And just thinking about him as often as she had to to in order to do this job; he made her angry, so angry and she was aware of it. It was the same sin she used to see within herself. Being so sure that he was right and fighting for what was good and that fact alone justified all the horrible deeds leading up to whatever goal they had been fighting for. To them, the end always justified the means so long as they could reach it. She loved him once, not in the same way she loved Nono, though it was love all the same. Somewhere along the line, that love she felt turned to hate and faded into a burning resentment. She tried to push her feelings about him away as she wrote Avasarala's inaugural speech so that it wouldn't cloud the true meaning of her words, but what she wrote just felt so empty. The month she spent in the capitol had drained her, she felt everything she had worked so hard to build herself up to be crumbling. Even her bones had started to feel brittle with age but inside she felt like the same 30 year old girl she had tried so hard to simultaneously love and forget. She needed something. Something to fill in the emptiness of her work.
“We miss you,” her wife's voice said, the message playing as background noise to Anna's thoughts. “Just look at what Nami drew.” It was a drawing made in crayon. The three of them, side by side holding hands and smiling. The backdrop a simple red house. It was the same drawing all children drew for their parents, personalized and catered to the family they belonged to. And like any parent who loved their child, Anna was so very proud of it. Even without the smile that crept through the timbre of her wife's voice, Anna knew Nono was proud of it too. It had been a few days since they had been able to catch one another on live chat. With caring for Nami, helping out the church, and running the clinic, coordinating her busy schedule with her wife's felt out of the reach of both of their capabilities. But Nono was ever optimistic, always smiled. If she was worried at all, she didn't let it show. She never pushed Anna, just always loved and supported her every move. Anna wondered if her wife supported her to a fault.
Back, shortly after Nami was born, moving to Russia from Ganymede had been Anna's idea. Both of them had known that their stay in the Jovian system was only temporary while Nono carried their child to term. They wanted Nami to grow up on Earth where air and water were abundant and their daughter would be able to see her relatives unaware of the unbearable crush of Earth's gravity. Anna's vision was such that she and her wife would open a church in St. Petersberg and after collecting enough money eventually open a clinic for those who somehow slipped through the cracks of Basic. She taught Nono the extent of Russian as she could while being distracted with their moving plans and eventual new born infant but once they had landed on Earth, she began working. Renovating the humble building she'd bargained down and establishing a congregation took up most of her daily activities. And after, she had Sundays to lead and weeks of teachings and sermons to write for the coming weekends. There were a few nights when her daughter was sleeping by the time she came home and Nono was either watching the news in Russian or passed out on the couch. She'd wake her then, and they would begin their evening ritual of Anna giving Nono a back massage, and Nono warming and rubbing the bottoms of Anna's feet with her thumbs. They'd swap stories about their days, update one another on the progression of their plans and goals they had made together. The two incredibly ambitious women fed off of each other's energy and desires; desires to influence the world into becoming the sort of place they'd imagined and hoped for their daughter to grow up in. Their evening murmurs, the gentle way they touched one another not only as lovers but as something closer and more comfortable, replenished their drives for the next day to come. They slid into custom and by assisting others along the path to finding God and watching their daughter grow, Anna and Nono had found nothing short of happiness if at times only contentment.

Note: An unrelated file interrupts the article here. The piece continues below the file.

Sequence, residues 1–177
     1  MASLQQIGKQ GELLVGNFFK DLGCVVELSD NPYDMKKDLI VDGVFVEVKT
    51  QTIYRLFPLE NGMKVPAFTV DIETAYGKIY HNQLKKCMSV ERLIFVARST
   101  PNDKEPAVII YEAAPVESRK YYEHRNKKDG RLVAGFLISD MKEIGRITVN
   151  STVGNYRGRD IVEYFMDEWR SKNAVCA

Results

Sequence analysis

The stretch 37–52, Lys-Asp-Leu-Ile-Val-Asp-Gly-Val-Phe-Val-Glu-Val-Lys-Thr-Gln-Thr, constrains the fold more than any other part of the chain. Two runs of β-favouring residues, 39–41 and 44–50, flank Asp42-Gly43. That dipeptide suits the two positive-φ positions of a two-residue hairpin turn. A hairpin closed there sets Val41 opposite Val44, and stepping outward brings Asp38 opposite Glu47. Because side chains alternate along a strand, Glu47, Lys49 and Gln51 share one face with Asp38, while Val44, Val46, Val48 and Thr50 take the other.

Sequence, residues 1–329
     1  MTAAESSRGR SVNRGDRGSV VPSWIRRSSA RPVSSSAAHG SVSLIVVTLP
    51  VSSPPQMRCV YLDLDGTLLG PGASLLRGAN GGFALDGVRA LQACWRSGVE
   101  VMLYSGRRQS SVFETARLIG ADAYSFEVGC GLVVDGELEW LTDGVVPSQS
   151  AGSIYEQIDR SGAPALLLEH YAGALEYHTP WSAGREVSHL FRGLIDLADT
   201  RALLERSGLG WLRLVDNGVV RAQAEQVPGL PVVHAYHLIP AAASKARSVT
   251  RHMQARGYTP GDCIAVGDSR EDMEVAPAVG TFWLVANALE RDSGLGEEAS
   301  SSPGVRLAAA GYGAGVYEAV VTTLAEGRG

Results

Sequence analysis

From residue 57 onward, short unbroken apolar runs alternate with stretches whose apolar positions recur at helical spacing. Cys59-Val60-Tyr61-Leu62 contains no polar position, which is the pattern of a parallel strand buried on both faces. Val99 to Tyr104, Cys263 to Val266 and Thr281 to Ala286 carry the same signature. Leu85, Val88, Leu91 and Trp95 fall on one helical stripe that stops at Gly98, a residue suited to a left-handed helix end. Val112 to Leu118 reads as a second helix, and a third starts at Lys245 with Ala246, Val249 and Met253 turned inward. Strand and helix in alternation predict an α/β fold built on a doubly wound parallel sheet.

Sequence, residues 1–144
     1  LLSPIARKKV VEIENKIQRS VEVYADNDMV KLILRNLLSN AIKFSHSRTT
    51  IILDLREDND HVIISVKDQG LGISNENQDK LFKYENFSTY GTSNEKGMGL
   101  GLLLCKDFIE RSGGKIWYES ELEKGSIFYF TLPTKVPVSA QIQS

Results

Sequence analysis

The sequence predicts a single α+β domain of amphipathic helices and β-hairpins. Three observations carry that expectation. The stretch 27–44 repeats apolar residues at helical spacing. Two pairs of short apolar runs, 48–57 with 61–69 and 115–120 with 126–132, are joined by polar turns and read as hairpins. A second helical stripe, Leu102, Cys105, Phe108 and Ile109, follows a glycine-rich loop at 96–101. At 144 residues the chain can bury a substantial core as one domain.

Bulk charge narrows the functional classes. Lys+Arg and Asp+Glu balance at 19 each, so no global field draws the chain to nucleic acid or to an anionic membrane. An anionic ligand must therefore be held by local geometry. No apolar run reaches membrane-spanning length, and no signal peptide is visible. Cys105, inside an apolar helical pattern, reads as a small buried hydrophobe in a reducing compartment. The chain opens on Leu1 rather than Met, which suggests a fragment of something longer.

It was the ever changing theories and assumptions of what the protomolecule was in actuality doing that added to making her job so difficult. What seemed right at the time seemed wrong three days later. The protomolecule had to be mentioned in her speech, that much at least was evident, but the more vaguely she mentioned it, the more similar to the boogie man the creature became. Anna spent her final nights before Avasarala arrived back in UN space reading news updates on the creature that had emerged from Venus. It had made its way far past the Belt and just when scientists were hacking up hopeful theories that perhaps it was leaving the system, it began to decelerate. Anna loaded up the videos saved her in cache and found solace in crayon doodles and her wife's voice.
Once, a few months after they had made their home in St. Petersberg, Anna had arrived home late one evening to find Nami asleep on the sofa, a mostly eaten colorful plastic plate of food on the table in front of her. Nono walked over from the kitchen and kissed her wife while she was still removing her coat. “I'm sorry, I'm sorry,” she said, through her wife's kisses, “I had to stay late. The church was having infrastructure problems. We had to see if it was just the one beam or if the entire wall had to be replaced.”